Tickets for the event are $30 in advance, available through, or $35 at the door on the day of the event. Ticket price includes drinks, dinner, and live musical entertainment. A silent auction will also be held. For more information on tickets, email This email address is being protected from spambots. You need JavaScript enabled to view it. or call (708) 296-3569.

All funds raised will be going to benefit Northwest. From last year’s fundraiser, the boosters club purchased a rock climbing wall for the school’s gymnasium. The wall and materials totaled $5,465. It stands eight feet tall by 20 feet wide and it was installed over the summer. The wall was ready to go by the start of school in August.

A decision has not yet been made on how the 2018 funds will be applied. However, the boosters club in the past has also paid for buses for school field trips, school parities and purchased a water fountain.

Current teachers are looking forward to the anniversary event as well, including fifth grade teacher Allison Grazevich, who graduated from Northwest in 2006.

“I feel that Northwest has become so well-rounded; the school interacts with parents and the community as well as students,” said Grazevich, 24, of Evergreen Park. “I also love to see that Northwest has carried on so many traditions that I remember participating in. I love sharing with students that I was once in their position and loved Northwest School so much that I came back to teach here.”

Big bucks at work in 3rd District race between Lipinski, Newman

  • Written by Bob Bong

Campaign spending is ratcheting up and may top $2 million as the race between incumbent U.S. Rep. Dan Lipinski and challenger Marie Newman in the 3rd Congressional District heads into its final weeks.

Lipinski had more than $1.6 million in his war chest at the end of 2017, according to his filing with the Federal Election Commission. That was almost twice what he raised for his 2016 and 2014 campaigns, respectively. He spent a little more than $600,000 in each of those election cycles.

The filing showed that his committee had expenditures of just under $85,000 during the fourth quarter.

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         Cong. Dan Lipinski

As the campaign draws into its pivotal weeks, Lipinski will be spending a chunk of that cash on direct mailings to voters as well as television and radio ads, Isaac Sancken, his director of communications, said in an email.

It’s not unusual for incumbents to raise more money than challengers, and Newman, his opponent in the March 20 Democratic primary, had only $236,000 on hand at the end of December. That included a hefty $100,000 of her own money.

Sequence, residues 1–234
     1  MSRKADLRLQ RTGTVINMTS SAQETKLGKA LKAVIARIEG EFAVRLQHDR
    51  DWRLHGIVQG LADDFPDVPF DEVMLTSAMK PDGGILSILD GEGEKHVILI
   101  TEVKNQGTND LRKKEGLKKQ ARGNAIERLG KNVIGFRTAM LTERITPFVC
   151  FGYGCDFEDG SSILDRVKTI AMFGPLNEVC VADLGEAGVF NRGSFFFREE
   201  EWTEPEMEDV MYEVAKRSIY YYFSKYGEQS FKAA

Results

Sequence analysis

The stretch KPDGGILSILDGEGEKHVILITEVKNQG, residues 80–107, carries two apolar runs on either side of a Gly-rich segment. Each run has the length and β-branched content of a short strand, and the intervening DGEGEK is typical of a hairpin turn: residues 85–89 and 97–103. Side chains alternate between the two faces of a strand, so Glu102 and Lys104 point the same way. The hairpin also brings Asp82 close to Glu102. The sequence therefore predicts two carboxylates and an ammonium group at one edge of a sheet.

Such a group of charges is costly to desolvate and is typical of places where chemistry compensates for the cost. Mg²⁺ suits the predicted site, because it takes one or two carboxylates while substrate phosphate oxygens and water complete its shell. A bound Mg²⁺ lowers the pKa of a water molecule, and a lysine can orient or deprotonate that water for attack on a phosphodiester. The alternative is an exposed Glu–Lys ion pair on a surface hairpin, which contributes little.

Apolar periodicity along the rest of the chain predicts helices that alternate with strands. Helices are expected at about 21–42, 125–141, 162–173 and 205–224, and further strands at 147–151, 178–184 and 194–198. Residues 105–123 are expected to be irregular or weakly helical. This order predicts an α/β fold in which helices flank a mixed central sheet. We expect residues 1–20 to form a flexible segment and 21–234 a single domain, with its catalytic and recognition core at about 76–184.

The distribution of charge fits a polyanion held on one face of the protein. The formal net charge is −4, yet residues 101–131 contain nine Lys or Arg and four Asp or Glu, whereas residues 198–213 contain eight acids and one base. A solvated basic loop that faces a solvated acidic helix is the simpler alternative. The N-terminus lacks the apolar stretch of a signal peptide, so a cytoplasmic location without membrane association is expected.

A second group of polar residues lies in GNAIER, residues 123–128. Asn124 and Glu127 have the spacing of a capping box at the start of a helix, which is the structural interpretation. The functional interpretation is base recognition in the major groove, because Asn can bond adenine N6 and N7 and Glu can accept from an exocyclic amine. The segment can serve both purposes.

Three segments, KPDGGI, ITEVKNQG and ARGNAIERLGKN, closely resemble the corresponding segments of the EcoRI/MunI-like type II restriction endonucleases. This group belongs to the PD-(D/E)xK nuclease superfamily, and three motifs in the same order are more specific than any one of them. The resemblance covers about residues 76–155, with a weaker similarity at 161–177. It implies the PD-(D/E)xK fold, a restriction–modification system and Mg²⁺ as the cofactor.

Newman's campaign expenses during the fourth quarter totaled about $123,000, according to the filing.

Her campaign received a major shot in the arm last week after she appeared at a forum with Lipinski that was sponsored by the League of Women Voters at Moraine Valley Community College.

A coalition of progressive groups led by NARAL Pro-Choice America announced it would spend more than $1 million on political ads for Newman in the days leading up to the primary.

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          Marie Newman

Joining NARAL were the Human Rights Campaign, SEIU, MoveOn, Planned Parenthood Action Fund and EMILY's List. They said they would work together to educate voters about what they call Lipinski's poor record and promote Newman.

In its announcement, the group said Lipinski had voted to block his constituents from care at Planned Parenthood and ban abortions, opposed marriage equality, opposed raising the minimum wage to $15/hour and voted against the Affordable Care Act.

Their campaign will include direct mail, digital persuasion ads, peer-to-peer texting and TV ads. The first mailing was scheduled to go out last week and its first TV ads were also supposed to begin airing last week.

"Dan Lipinski is way out of step with his constituents and has repeatedly voted against women's rights, LGBTQ equality, workers and the basic freedoms that his constituents, and all Americans, hold dear," said Mitchell Stille, NARAL's National Campaign Director. "This unprecedented coalition will work every day between now and primary day to ensure voters know Dan Lipinski's real record."

Joanna Klonsky, Newman’s director of communications, said she couldn’t comment on what NARAL and the other groups were planning.

But she did say her campaign “was receiving tons of grassroots energy.”

“It’s definitely great to have that kind of support,” she said.

The 3rd District generally runs southwest from Chicago’s Midway Airport area to Crest Hill and Lockport in the suburbs. It stretches from Lyons and Stickney on the north to Orland Hills on the south and from Oak Lawn on the east to Romeoville on the west.